Lyn Gardner: Artistic talent can’t excuse abuse
Last week, The Stage published an interview with UK Theatre president Fiona Allan to mark the organisation’s publication of 10 principles designed to help tackle bullying and harassment in the theatre industry.
Anyone who doubts the extent of the problem should look at UK Theatre and the Society of London Theatre’s report Encouraging Safer and More Supportive Working Practices in Theatre, which included that list of principles.
Allan shared her own experience of sexual assault 20 years ago while working as an intern at the Boston Symphony Orchestra. It was a brave stand to make because it is often those who are most powerless and invisible in theatre who face the most harassment, and frequently those who reach positions of power and visibility who keep most silent about it.
One of the telling moments was when Allan observed that after the assault she did not report it because she did not know whom to report it to, and because she came from a generation “brought up not to make a fuss. If men were predatory, it was my job as a woman to deal with it and not make a fuss”.
She wants to ensure that young women – or indeed anyone facing harassment in the industry – are enabled “to make a fuss”, know what mechanisms are in place for them to report inappropriate behaviours and have confidence that they will be supported.
It’s crucial because there are still too many in the industry who believe MeToo is just a bit of a fuss. In his Prompt Corner column in Theatre Record, consulting editor Ian Herbert recently asked: “Do you find the present uproar about harassment in theatre a little excessive?”, going on to decry “the prurient witch-hunting that lies behind so much of today’s outrage”.
It’s not just men, often of a certain generation, who seem unsettled by this newfound determination to speak out – demonstrating cultural leadership while doing so. I’ve heard some women in theatre talking about MeToo as a “bandwagon”. These are often women who have scaled the ladder of success and found their own ways to deal with predatory male sexual behaviour.
The argument is that to make a fuss about an unwanted hand on a knee or a breast casts women in the role of victims, when of course it is a women’s job not to make a fuss and to deal with these advances from men. Because boys will be boys. But that does nothing to change the culture in which such behaviours thrive.
As Caitlin Moran observed: “All these successful, ‘sassy’ broads did, indeed, gain great careers for themselves – but not by improving anything. That’s not a glorious thing, all told: to admit you did not change things, but simply found a way through for yourself, then left the workplace as you found it: abusive to young, powerless women at the start of their careers.”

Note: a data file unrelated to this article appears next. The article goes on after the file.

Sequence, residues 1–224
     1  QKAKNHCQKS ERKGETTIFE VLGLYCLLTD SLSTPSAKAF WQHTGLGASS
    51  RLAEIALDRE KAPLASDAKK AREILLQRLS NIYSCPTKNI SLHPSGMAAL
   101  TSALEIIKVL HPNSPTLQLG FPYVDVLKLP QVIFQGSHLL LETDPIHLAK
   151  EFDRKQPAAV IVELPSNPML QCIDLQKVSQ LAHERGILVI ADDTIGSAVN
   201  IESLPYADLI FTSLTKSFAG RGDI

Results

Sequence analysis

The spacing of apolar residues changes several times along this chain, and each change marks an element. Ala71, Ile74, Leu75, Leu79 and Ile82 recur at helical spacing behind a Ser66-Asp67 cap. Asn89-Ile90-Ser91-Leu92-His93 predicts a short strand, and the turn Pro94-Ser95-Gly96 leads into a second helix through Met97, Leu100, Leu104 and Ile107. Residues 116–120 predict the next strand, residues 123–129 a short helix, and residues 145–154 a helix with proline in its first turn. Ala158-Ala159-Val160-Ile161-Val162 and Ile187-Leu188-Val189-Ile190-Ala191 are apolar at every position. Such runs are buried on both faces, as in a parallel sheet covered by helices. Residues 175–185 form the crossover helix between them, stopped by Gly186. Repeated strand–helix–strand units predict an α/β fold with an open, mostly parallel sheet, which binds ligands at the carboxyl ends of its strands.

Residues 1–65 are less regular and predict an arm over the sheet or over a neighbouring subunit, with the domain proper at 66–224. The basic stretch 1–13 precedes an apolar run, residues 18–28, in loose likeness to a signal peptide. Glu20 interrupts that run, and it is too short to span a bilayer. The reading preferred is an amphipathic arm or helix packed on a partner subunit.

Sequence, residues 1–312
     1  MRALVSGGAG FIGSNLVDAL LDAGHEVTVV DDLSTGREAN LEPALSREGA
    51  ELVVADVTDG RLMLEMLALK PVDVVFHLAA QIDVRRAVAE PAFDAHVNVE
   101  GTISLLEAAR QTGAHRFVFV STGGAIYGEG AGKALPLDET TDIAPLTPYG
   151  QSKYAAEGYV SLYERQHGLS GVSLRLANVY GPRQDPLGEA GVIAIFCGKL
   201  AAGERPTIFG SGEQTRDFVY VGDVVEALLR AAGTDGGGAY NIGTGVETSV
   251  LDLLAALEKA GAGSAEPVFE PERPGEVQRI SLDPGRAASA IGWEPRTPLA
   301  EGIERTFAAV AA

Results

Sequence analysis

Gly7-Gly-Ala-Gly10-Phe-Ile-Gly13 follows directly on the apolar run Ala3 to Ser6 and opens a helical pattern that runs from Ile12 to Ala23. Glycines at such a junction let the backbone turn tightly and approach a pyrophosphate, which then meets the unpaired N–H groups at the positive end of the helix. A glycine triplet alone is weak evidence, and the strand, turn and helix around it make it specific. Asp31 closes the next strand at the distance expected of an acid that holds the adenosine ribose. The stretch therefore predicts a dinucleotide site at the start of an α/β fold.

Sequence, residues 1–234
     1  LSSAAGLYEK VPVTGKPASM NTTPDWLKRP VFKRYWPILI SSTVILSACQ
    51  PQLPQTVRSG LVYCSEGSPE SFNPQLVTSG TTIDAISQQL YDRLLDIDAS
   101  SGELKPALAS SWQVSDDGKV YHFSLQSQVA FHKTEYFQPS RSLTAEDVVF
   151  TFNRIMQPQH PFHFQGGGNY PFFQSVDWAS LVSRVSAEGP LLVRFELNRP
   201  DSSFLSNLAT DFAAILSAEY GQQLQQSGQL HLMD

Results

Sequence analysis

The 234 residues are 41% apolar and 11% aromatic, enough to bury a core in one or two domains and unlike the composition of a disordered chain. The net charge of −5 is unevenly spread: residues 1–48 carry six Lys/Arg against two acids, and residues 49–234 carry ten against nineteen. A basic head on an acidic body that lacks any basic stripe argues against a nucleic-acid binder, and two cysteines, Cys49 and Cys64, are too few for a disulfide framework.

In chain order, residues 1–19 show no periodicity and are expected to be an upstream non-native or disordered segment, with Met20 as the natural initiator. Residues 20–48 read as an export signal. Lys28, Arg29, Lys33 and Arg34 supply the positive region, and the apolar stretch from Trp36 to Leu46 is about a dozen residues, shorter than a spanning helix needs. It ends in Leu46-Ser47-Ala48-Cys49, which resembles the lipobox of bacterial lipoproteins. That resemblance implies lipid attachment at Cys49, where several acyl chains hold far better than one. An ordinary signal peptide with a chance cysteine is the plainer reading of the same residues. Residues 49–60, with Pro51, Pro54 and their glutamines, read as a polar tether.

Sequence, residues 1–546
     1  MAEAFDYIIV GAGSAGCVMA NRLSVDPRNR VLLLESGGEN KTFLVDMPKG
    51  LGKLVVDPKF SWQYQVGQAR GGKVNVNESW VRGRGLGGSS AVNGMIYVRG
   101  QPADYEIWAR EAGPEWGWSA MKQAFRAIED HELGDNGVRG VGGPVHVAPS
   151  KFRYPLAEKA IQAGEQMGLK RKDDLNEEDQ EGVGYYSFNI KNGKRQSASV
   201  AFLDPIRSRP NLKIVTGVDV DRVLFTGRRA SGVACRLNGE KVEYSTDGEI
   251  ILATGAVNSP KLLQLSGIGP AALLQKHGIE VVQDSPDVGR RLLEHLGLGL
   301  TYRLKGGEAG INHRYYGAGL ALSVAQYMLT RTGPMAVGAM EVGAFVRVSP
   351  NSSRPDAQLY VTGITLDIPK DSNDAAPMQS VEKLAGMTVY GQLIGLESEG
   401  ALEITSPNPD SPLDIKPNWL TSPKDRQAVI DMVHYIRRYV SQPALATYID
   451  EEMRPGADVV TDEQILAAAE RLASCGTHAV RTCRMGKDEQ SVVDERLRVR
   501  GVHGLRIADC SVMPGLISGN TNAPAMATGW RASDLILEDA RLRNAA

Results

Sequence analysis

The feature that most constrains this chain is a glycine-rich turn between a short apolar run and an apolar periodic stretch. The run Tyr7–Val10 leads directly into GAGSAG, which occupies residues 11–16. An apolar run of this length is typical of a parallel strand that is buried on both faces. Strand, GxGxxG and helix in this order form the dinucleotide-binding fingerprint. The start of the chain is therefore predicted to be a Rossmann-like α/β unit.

Everyone working in theatre, whatever their role, has a right to workplace dignity.
There was something else that I noted when interviewing Allan, and that was around the way she highlighted how the performing arts always protect the talent. It may be common knowledge within organisations that ‘X’ is a sexual harasser in the dressing room or ‘Y’ a bully in the rehearsal room. But often this behaviour is tolerated because X or Y is considered a genius, and of course genius is beyond reproach.
Herbert uses the genius argument, pointing to the creativity of Max Stafford-Clark’s tenure at the Royal Court and preferring to “remember Kevin Spacey as a great actor-director on stage and screen, who came to the rescue of the Old Vic in its darkest hour”. But however great the artist, great art doesn’t excuse impropriety, whether it’s sexual or regularly shouting at the press team.
The principles put forward by UK Theatre must be implemented and remain current in every theatre and rehearsal room across the country. But we should also check ourselves every time we use the term ‘genius’. Its overuse sees some in theatre (almost always men) feted, enabled and indulged to a point that it is unsurprising that they think a hand on the intern’s breast is simply one of the perks of the job. A perk that the organisation employing that person is complicit in enabling.
A few years ago, I came into prolonged contact with the director of a festival and the team surrounding him. Such was the deference with which he was treated – with every whim attended to – it felt like being in the presence of a minor deity. When I made a joke about it, I was told that he was a genius.
The idea of genius in the arts creates the conditions that allow abuse to thrive
I have absolutely no reason to believe that this person ever acted improperly in any way, but it is this all-too-prevalent idea of genius in the arts that creates the conditions and hierarchies that allow abuse to thrive. At the very least, let’s remember that genius is seldom born, it is enabled through privilege and opportunity. And it should always be held accountable.
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